Meet the team: ITTC and Translational Science at UPMC Enterprises

March 20, 2018

UPMC Enterprises will play a key role in the new UPMC Immune Transplant and Therapy Center (ITTC), a $200 million project announced Feb. 13 that is harnessing the power of the human immune system to treat and cure a wide range of diseases.

The four-member ITTC team at Enterprises, which was formed last year and is headed by Executive Vice President Jeanne Cunicelli, is focused on commercializing immunotherapies and other leading-edge science developed by UPMC and University of Pittsburgh researchers.

“Accelerating the transfer of scientific advances from the lab to the bedside is a priority for UPMC Enterprises,” Cunicelli said. “Building on Pittsburgh’s strengths in medicine and technology, we can have a positive impact on the region’s economy by creating companies based on these exciting advances.”

The UPMC ITTC, which involves medical researchers focused on advancing the science of cancer care, transplantation, and aging-related diseases, will be housed in an eight-story innovation hub in Pittsburgh’s Bloomfield neighborhood. Over the next two years, a Pitt-led renovation project will convert the building, a former Ford Motor Co. factory and showroom at 5000 Baum Blvd., into a world-class space for labs, offices, startup companies, and industry partners.

At UPMC Enterprises, the strategic importance of the ITTC is reflected in the recent adoption of Translational Science as one of two primary focus areas for the organization:

  • Translational Science involves collaborating with Pitt to accelerate the application of scientific discoveries to deliver new models of care.
  • Technology Solutions, which incorporates our traditional domain teams working on business services, consumer applications, clinical tools, and population health.

The ITTC team at Enterprises is comprised of the following people:

Jeanne Cunicelli, executive vice president:

“I oversee the commercialization activities related to the ITTC initiatives. In this role, I work closely with the ITTC’s leaders, Steven Shapiro, MD, and Timothy Billiar, MD, to ensure that projects have defined commercialization pathways. My team and I dedicate a great deal of time to understanding each ITTC project and supporting the investigators of those projects in their efforts to form a company, strike a partnership, initiate a clinical trial or pursue another commercial pathway. In addition to my core team, Eliza Swann, Cynthia Church, and Amy Cook, to name a few, provide valuable intellectual property, marketing and branding, and human resources expertise. Finally, we coordinate frequently with Pitt as many of the principal investigators have Pitt appointments so we need to ensure we’re following Pitt guidelines.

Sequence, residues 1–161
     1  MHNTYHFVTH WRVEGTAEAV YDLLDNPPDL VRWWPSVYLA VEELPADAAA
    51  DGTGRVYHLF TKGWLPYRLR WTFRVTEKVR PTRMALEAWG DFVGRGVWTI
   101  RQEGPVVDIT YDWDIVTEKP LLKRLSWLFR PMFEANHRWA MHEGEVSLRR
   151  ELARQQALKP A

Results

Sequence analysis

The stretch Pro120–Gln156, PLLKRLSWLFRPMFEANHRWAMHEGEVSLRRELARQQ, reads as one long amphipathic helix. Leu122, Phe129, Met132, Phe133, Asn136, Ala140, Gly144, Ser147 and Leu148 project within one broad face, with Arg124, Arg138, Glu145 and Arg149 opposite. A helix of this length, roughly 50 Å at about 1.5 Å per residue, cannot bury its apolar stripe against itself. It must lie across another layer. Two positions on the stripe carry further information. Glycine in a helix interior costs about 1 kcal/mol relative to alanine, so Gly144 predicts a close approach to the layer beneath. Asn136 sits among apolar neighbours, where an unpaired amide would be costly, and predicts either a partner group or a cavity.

“Prior to this role, I worked as a venture capitalist in the Bay Area where I invested in life sciences companies at varying stages from seed to more mature entities. I was fortunate to have UPMC as an investor in my funds which is how I met Tal Heppenstall. Between my work with UPMC and my ties to Carnegie Mellon University, I’ve been entrenched in Pittsburgh for a long time, which serves me well as we embark on making Pittsburgh a world leading Immune Transplant and Therapy Center.”

Matthias Kleinz, DVM, PhD, senior director:

“I joined the ITTC team in July 2017 to help UPMC build a team that invests in and commercializes innovative translational science, hoping to leverage my diverse background in science and business. Following training as a veterinary surgeon in Germany, I completed a PhD in Human Cardiovascular Pharmacology at the University of Cambridge, United Kingdom. After a short stint running a research lab at the Royal Veterinary College in London, I spent the last nine years as a management consultant at L.E.K. Consulting in Boston, working with hundreds of life science companies to develop and commercialize groundbreaking diagnostics and therapeutics that address critical unmet needs in human health and disease.

“My work at L.E.K. included leading a string of projects helping researchers at Children’s Hospital of Philadelphia develop a business plan and spin out a gene therapy startup focused on curing inherited blindness. Today, that startup is Spark Therapeutics, which has the first approved gene therapy in the U.S. for reinstating vision in children with RPE65 mutations. The company is listed on NASDAQ with a valuation of $2 billion.”

Rob Lin, PhD, CFA, senior director:

“My background spans both the science and business worlds. I earned a PhD in Genetics at Harvard and then transitioned into business and corporate development at Millennium Pharmaceuticals (now Takeda Oncology). My next position was leading the finance and strategy activities for the Global Health Program at the Bill & Melinda Gates Foundation. I joined the ITTC team in October 2017 and my role is to help commercialize the world-class immunotherapy research being done at UPMC.”

Mariel Shlomchik, associate business analyst

“I graduated from the University of Chicago last June with a degree in Biology. I joined the ITTC team in August to assist with market and business analysis for commercialization opportunities and to support of the immune transplant and therapy work that is being done at UPMC and Pitt.”